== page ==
Sunday, August 15, 2010
My Two-Cents on Scott Pilgrim vs. The World
From the very first trailer for the film, we all knew it was going to be this hipster/anime/indie rom-com/action movie, but part of me was hoping that it was going to transcend the image it initially portrayed (especially since all of the trailers and TV spots pretty much told you everything about the story). Once I left the theater, I didn't think the movie strove to be anything more than what it wanted to be, which was a hipster/anime/indie rom-com/action flick.
Now, I'm not saying that Scott Pilgrim was a bad movie because it wasn't; it was just merely good. Then again, maybe I'm just not cool enough to get this movie.
The storyline itself was as bare-bones as you can get. It's your typical "boy meets quirky girl" plot that has become synonymous with indie rom-coms, but this film just cannot stand up against others from its ilk like (500) Days of Summer, Eternal Sunshine, or even Stranger Than Fiction. The former movies did a better job of establishing characters within a strong story that the audience could get behind, and we understood why these quirky girls had the effect they did on the main guys. We really didn't get that with Scott Pilgrim, and I guess I just wanted a little more story amongst the emo/metal/rock music and video game style aesthetics.
Speaking of the video game theme, it was the major brightspot of the movie because the style brought some well-timed humor, and it was by far the most creative element of the film. Also, the take on classic fighting games segued into some pretty sweet action sequences. I was expecting to laugh thanks to the Street Fighter-esque set-ups, but I was shocked by how great the actual fights were. Kudos to Edgar Wright for putting out one of the better action films of the year.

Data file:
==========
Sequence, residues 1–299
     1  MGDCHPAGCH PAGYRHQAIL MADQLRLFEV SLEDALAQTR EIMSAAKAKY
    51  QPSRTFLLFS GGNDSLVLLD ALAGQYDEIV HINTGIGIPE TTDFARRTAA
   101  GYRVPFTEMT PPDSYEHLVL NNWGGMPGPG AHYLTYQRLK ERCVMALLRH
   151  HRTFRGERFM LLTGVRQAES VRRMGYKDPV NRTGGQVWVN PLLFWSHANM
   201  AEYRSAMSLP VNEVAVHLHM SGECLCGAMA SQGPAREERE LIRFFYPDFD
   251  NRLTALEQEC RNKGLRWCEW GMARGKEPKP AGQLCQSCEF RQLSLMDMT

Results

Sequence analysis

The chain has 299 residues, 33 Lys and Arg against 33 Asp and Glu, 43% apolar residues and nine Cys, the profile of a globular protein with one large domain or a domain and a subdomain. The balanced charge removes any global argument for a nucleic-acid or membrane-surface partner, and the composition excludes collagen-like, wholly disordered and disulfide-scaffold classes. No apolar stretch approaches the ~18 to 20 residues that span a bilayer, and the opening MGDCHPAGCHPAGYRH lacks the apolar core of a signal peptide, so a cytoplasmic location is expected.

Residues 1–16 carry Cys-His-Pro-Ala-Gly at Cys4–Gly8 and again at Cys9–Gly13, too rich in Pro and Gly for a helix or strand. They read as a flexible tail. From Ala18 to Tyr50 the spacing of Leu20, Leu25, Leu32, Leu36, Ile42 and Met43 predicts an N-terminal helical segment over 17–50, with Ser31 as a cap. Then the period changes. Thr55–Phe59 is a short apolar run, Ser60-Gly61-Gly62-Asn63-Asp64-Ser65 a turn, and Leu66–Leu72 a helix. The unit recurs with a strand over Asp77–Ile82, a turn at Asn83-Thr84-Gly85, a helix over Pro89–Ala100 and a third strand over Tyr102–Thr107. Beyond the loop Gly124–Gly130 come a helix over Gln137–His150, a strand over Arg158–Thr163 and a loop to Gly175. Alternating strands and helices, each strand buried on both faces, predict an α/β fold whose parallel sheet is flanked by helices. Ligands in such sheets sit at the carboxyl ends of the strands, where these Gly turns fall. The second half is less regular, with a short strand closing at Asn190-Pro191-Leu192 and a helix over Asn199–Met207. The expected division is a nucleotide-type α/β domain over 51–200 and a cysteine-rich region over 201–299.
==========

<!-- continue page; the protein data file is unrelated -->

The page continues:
The acting was good, but nothing spectacular. Michael Cera gave us another good Michael Cera performance, but at least this time it was a little fresher. Usually, Cera plays the awkward but sweet and sometimes wounded boy in skinny jeans. This time around he played the awkward but kind of douchey wounded boy in skinny jeans. I kind of dug the fact that we're not really supposed to like Scott at the beginning of the film because he's kind of a jerk, but of course he wins us over in the end.
Mary Elizabeth Winstead was good as Ramona Flowers, but I couldn't understand why so many people were fighting over her. Sure, she was hot in that suicide girl kind of way, but we didn't learn enough about her character to justify all of the kick-ass fight scenes. She was just another cute, quirky girl with trust/commitment issues that strings along the hero until the last scene of the film when we get the happy ever after shot. Again, Winstead was good but Ramona was no Clementine.
The best performances actually came from the supporting cast, which could be both a blessing and a curse. Characters like Wallace, Knives, and even some of the Evil Exes (Chris Evans and Brandon Routh really stood out) were more interesting than Scott and Ramona. It's great that some of the supporting characters held their own, but when they outshine the leads, that could be problematic. The only supporting role that was a dud was Scott's sister Stacey, which was a bummer because I was expecting a lot from Anna Kendrick.
Overall, Scott Pilgrim vs. The World took an emerging genre and added its own spin to it, but there was not enough story for my liking. That being said, I was entertained enough to say that I ultimately liked the movie. Sure, I wanted a little bit more substance, but the visuals and laughs were good enough to keep me happy.